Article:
| 18.1°C Dublin

'This hardware store will probably do you a lightly boiled egg and a few slices of toast if you are stuck'

SO there I was, cycling in Thomastown, Co Kilkenny, during a visit to Mount Juliet (which must be one of the most beautiful and enchanting places in this entire island, and which would develop an irresistible allure for me if I let it) and I got a puncture.

Did I have the required spanners and a replacement tube? I most certainly did -- back home in Dublin, where they were safe and warm and damn all use to me in Thomastown.

A trip to a bicycle shop in Kilkenny seemed indicated, an appalling vista, because I know the parking in Kilkenny is diabolically awful, until I thought of asking the first fellow I met on the road if there was anywhere closer where I might get help?

And the first fellow I met told me to try Tracey's Hardware in the town. Now, "hardware" and "bicycles" don't fit well together, in my experience, but I rambled in, anyway.

It is a truly old-style grandad's hardware shop, a positive cornucopia of hidden treasures, with things in boxes and shelves and hanging from the ceiling and stacked high on the floor and hidden away in corners and which haven't been disturbed in 40 years. With one promising note: a superb state-of-the-art, brand-new racing bike for sale in the window. Why would it be there, I pondered, if they didn't sell the things?

One man behind the counter, three customers having a chat, and a chap sitting aimlessly on a stool. I told him my problem and asked if help might be at hand?

He asked where the bike was, and I said it was on the back of the car up the street. He said he'd come and collect it with me, which he did.

He wheeled the bike back to the shop for me and I started to tell him what was required. At which stage he told me that he didn't work in the shop -- he'd just come in to buy a three-amp fuse. And when I asked him why he'd taken the trouble to help me with the bike, he replied: "Sure, why wouldn't I?"

He took his three-amp fuse and left.

I still don't know who he was, apart from being a decent man.

Mr Tracey had the rear wheel off the bike, the new tube in, tyre back on and the wheel replaced in roughly 10 minutes -- and that included the chat. The cost was €5, and that included the new tube.

Anywhere in Dublin, as no doubt you'll know if you're a member of the biking fraternity, that would have cost me at least €25.

Daily Digest Newsletter

Get ahead of the day with the morning headlines at 7.30am and Fionnán Sheahan's exclusive take on the day's news every afternoon, with our free daily newsletter.

This field is required

Next day, cycling out of Bennettsbridge, my pedal clip broke (yeah, I guess it was one of those weeks). I don't want to suggest that I was doing a Sean Kelly or Stephen Roche, but the bike is 20 years old, and so is the pedal clip. Metal fatigue eventually gets us all. There was no way Tracey's Hardware, Thomastown, would have a replacement pedal clip, 20 years' vintage. But I asked, anyway. It took a little search, but so help me God he had a pair of the damn things -- so long in stock that they were priced in punts!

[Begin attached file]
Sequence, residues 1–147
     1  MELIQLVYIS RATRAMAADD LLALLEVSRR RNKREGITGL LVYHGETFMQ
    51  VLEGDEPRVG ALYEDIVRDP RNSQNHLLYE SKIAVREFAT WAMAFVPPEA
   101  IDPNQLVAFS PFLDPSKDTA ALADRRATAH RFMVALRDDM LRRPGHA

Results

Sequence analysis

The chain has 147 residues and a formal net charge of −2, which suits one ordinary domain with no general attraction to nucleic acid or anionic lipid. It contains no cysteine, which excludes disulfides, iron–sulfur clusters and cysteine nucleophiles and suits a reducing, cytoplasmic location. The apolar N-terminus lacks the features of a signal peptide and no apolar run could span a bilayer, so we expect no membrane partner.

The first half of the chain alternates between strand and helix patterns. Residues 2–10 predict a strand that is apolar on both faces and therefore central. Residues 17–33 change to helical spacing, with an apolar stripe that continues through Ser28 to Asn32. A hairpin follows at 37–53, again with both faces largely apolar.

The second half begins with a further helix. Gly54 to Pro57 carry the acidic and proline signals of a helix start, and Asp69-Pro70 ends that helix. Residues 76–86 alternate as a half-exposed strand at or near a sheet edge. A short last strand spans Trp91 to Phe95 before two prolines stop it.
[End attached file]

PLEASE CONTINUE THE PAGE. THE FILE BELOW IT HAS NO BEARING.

We had to do a long computation to convert to euro. That was on a calculator, they don't have a computer. Everything else goes in the ledger, by hand, and I'll take bets not a penny -- oops, a cent -- goes astray.

Tracey's Hardware, Thomastown, for all your needs. And I do mean all. Call in anytime. They'd probably do you a lightly boiled egg and a few slices of buttered toast if you were stuck. Use my name, freely.


SO there was Dr Maurice Gueret, in the magazine of this very newspaper, having a right old go at poor unfortunate Gay Byrne and the Road Safety Authority, for the many sins of omission of which he reckons we stand guilty.

Such as the looney speed limits imposed on roads all over the country, the lack of service and rest areas on our motorways, the appalling state of our roads generally (subsidence, manhole covers, potholes and general lack of maintenance), warning signs so often obscured by overhanging trees and foliage and the general neglect of the whole damn system.

And the esteemed doctor hoped that in the next five-year term of the authority, we might do a bit better under these headings. Or, more specifically, Gay Byrne might do a little better.

And I totally agree with every single word the good doctor uttered and assure him that he is completely justified in every complaint he makes.